FYI Miami: July 16, 2015
RACE DROPS MIAMI: Miami isn’t a host for the second season of the FIA Formula E Championship, the world’s first electric racing series. On Friday, the FIA World Motor Sport Council approved the calendar for the second season and first-season venues Miami and Monaco aren’t included, while Paris was added. This was confirmed via an email exchange Tuesday between Miami Today and City Commissioner Marc Sarnoff’s office, which had inquired about the matter. Chuck M. Martinez, Miami ePrix general manager, wrote: “The 2016 FE schedule is indeed out and Miami is not on it. This may change, but we won’t know for certain until September…. I’ll keep you posted on any developments.” The news is contrary to what city officials agreed to just before Miami hosted the electric cars March 14. City commissioners on Feb. 26 approved a pact to host the race yearly through 2019. The race was held on stretches of Biscayne Boulevard and wrapped around AmericanAirlines Arena along the waterfront, in Mr. Sarnoff’s district.
DISTRICT FOR WORLDCENTER: County commissioners unanimously approved creation of a Community Development District for Miami Worldcenter on Tuesday despite the number of residents who spoke against the developers as well as the proposed project on 24 acres of mostly vacant land in Park West. The construction, bounded by Northeast Sixth and 11th streets and between North Miami and Northeast Second avenues, is to include residential, retail, office, hotel, retail, restaurant and entertainment uses. A community development district is a special taxing district that may levy taxes and assessments and issue bonds. The taxes and assessments are added to the tax bill for the payment of the infrastructure including design, construction, acquisition and maintenance of roadway improvements, streetlights, water distribution systems, sewers, storm water management and landscape buffers.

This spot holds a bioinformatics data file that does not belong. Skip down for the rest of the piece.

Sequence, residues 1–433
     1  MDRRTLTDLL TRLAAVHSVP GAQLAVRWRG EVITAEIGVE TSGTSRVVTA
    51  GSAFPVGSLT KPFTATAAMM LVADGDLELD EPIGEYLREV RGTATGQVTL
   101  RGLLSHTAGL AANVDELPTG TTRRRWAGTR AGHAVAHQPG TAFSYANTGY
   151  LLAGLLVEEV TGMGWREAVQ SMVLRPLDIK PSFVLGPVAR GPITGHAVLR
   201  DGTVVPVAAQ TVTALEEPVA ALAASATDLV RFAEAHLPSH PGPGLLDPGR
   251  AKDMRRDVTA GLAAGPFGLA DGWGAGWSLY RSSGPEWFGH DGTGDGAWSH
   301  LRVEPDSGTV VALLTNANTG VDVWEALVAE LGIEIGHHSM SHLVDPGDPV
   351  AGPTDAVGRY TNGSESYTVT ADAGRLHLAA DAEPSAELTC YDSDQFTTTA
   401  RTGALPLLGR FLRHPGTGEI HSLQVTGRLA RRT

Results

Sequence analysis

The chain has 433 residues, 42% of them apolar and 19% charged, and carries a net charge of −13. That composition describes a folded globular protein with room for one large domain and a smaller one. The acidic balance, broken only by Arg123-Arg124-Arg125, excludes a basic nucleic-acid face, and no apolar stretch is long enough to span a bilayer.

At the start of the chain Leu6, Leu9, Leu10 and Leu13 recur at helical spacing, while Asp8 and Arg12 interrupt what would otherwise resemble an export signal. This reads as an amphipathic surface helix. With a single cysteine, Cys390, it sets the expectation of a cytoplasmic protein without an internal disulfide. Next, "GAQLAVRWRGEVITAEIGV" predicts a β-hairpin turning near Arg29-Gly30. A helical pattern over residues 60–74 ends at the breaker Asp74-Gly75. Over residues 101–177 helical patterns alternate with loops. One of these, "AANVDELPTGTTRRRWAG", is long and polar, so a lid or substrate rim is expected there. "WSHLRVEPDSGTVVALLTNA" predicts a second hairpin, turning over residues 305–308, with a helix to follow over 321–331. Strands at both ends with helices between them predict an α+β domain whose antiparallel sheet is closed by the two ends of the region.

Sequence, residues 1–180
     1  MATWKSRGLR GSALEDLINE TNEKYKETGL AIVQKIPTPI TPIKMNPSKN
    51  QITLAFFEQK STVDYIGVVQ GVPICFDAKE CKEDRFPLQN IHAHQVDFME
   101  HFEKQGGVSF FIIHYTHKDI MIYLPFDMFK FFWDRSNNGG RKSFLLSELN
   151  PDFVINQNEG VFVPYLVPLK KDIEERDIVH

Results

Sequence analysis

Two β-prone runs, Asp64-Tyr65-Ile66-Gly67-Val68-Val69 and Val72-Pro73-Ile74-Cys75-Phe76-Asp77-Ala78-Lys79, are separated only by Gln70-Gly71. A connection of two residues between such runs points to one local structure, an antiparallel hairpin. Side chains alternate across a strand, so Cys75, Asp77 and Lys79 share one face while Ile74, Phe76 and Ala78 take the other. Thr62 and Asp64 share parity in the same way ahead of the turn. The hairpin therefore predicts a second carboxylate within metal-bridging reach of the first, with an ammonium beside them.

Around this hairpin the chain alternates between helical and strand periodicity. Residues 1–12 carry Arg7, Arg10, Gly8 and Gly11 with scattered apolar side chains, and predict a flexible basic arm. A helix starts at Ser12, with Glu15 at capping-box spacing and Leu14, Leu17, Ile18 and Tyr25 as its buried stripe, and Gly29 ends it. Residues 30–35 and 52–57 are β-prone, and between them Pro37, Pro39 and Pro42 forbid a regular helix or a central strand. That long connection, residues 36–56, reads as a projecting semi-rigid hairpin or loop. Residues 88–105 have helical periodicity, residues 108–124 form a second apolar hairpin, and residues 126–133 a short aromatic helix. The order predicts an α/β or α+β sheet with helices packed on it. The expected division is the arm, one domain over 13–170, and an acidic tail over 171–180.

OFF HOURS: The Miami-Dade Transit and Mobility Services committee last week unanimously recommended that the county commission require that work affecting arterial county roadways be performed during non-peak traffic periods and encourage other government agencies and municipalities in Miami-Dade to adopt similar measures to address traffic congestion. Bruno A. Barreiro said that at some point the committee will have to look at deliveries in the urban core, such as an 18-wheeler stopping in the middle of a road to make a delivery as traffic piles up behind. Major cities, he said, require companies to deliver at night.